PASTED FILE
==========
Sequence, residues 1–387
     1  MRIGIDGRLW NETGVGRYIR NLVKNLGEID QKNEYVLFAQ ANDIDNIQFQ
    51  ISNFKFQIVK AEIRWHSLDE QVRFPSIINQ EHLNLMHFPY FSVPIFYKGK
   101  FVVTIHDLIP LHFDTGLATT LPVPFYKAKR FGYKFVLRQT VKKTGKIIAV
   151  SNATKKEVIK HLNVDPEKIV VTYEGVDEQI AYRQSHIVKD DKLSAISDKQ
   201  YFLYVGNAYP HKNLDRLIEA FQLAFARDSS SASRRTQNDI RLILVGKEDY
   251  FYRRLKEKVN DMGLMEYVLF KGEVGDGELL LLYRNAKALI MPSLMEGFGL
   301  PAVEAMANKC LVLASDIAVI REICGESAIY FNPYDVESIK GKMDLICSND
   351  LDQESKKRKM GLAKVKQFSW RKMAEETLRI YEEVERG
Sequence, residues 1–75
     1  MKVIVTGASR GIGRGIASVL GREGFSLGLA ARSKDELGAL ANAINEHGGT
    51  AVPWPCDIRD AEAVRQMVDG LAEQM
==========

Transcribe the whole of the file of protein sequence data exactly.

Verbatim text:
Sequence, residues 1–387
     1  MRIGIDGRLW NETGVGRYIR NLVKNLGEID QKNEYVLFAQ ANDIDNIQFQ
    51  ISNFKFQIVK AEIRWHSLDE QVRFPSIINQ EHLNLMHFPY FSVPIFYKGK
   101  FVVTIHDLIP LHFDTGLATT LPVPFYKAKR FGYKFVLRQT VKKTGKIIAV
   151  SNATKKEVIK HLNVDPEKIV VTYEGVDEQI AYRQSHIVKD DKLSAISDKQ
   201  YFLYVGNAYP HKNLDRLIEA FQLAFARDSS SASRRTQNDI RLILVGKEDY
   251  FYRRLKEKVN DMGLMEYVLF KGEVGDGELL LLYRNAKALI MPSLMEGFGL
   301  PAVEAMANKC LVLASDIAVI REICGESAIY FNPYDVESIK GKMDLICSND
   351  LDQESKKRKM GLAKVKQFSW RKMAEETLRI YEEVERG
Sequence, residues 1–75
     1  MKVIVTGASR GIGRGIASVL GREGFSLGLA ARSKDELGAL ANAINEHGGT
    51  AVPWPCDIRD AEAVRQMVDG LAEQM